There’s A Birth Control Pill You Only Have To Take Once A Month—What’s The Deal With It?

It’s annoying to have to remember to take your birth control pill at the same time every day so that you don’t accidentally sabotage its effects. Fortunately, that might soon be a thing of the past, thanks to researchers from Harvard Medical School and Massachusetts Institute of Technology who are working on an exciting contraceptive pill that you only take once a month. Here’s how it works and what you need to know about it.

  1. It’s taken by mouth, just like any other pill. Although you might’ve assumed birth control pills you only take once a month would probably require painful injections at your doctor’s office, that’s not the case. These pills are gelatine capsules that get swallowed like regular birth control pills.
  2. There’s one major difference. These pills are designed to enter your stomach where they take on a star-shaped structure. The “arms” of the star unfold one by one when they’re in your stomach over the course of a month, releasing hormones to keep pregnancy at bay. They don’t get digested quickly like regular birth control pills because they’re larger pills that can’t move through the stomach.
  3. They stay in your stomach for three weeks. This ensures that they give your body a slow release of hormones to prevent you from getting pregnant that month. Once the three weeks are up, these pills will be broken down by the body and you’ll excrete the remains.
  4. What have the trials have shown so far? The drug has been tested on pigs. When X-rays were conducted on the animals, it was found that the star-shaped structures in their stomachs mainly remained intact for 30 days after the pills were consumed. However, two of the “arms” detached. Is this a problem? No, because it shows how the star shape of the structure breaks down slowly over time, although it will be interesting to see how these drugs fare when tested on humans.
  5. It aims to decrease your stress. Sometimes conventional birth control methods leave a lot to be desired. They can be stressful to deal with, especially if you have to take pills every day. If it happens that you forget to take them, you’re riddled with guilt and fear that you’re pregnant. Ugh. This once-a-month pill is a game-changer.
  6. Many women forget to take contraceptives. This technology comes at the perfect time because we need more contraceptive options at our disposal. This is especially the case if you consider that almost half of women on the daily oral contraceptive pill miss a minimum of one dose over three-month periods. That’s quite a lot if you think about it!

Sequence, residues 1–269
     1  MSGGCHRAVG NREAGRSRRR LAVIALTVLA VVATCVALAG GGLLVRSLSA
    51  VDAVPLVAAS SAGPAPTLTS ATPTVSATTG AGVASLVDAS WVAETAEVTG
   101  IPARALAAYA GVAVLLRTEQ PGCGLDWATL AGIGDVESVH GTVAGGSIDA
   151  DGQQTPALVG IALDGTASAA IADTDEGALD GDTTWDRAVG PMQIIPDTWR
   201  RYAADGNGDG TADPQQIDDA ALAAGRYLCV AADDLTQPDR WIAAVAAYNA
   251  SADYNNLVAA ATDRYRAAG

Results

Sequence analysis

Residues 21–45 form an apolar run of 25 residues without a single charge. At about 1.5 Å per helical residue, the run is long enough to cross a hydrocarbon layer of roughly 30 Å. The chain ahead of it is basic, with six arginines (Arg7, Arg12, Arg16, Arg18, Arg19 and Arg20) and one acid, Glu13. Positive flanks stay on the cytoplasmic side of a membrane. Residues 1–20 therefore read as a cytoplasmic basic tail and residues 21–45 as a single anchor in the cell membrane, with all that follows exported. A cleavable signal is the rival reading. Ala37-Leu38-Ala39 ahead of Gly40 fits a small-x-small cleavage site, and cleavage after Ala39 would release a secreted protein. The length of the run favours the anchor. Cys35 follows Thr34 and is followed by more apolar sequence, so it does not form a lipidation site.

7. How long do we have to wait? Unfortunately, the birth control pills still have a long way to go before they’ll arrive on the market. They’ve only been tested on pigs, so it will be a while before they are approved for use by people. In fact, human trials for this drug will only happen in 2021.
  8. Will it have side effects? Forgetting to take your contraceptive pill aside, sometimes what happens is that you hate the side effects you have to deal with when taking birth control pills, like nausea and some weird birth control symptoms that you don’t need in your life. But will the monthly contraceptive pill avoid those? Apparently not – it seems that there still will be side effects to deal with as it still releases hormones into our bodies. However, we don’t know if these symptoms will be lessened or not.
  9. Will it be an OTC drug? You want to have more control over your birth control, not just with how you take it but how you actually get your hands on it. Imagine if you could simply get your birth control over the counter. That would be amazing. But if you’re hoping for that with the monthly contraceptive pill, don’t hold your breath. It’s still not clear if you would have to visit your local clinic to get it when it does become commercially available. All remains to be seen, but it’s still exciting to think of the birth control options that will be coming our way in the near future.
Giulia Simolo is a writer from Johannesburg, South Africa with a degree in English Language and Literature. She has been working as a journalist for more than a decade, writing for sites including AskMen, Native Interiors, and Live Eco. You can find out more about her on Facebook and LinkedIn, or follow her on Twitter @GiuliaSimolo.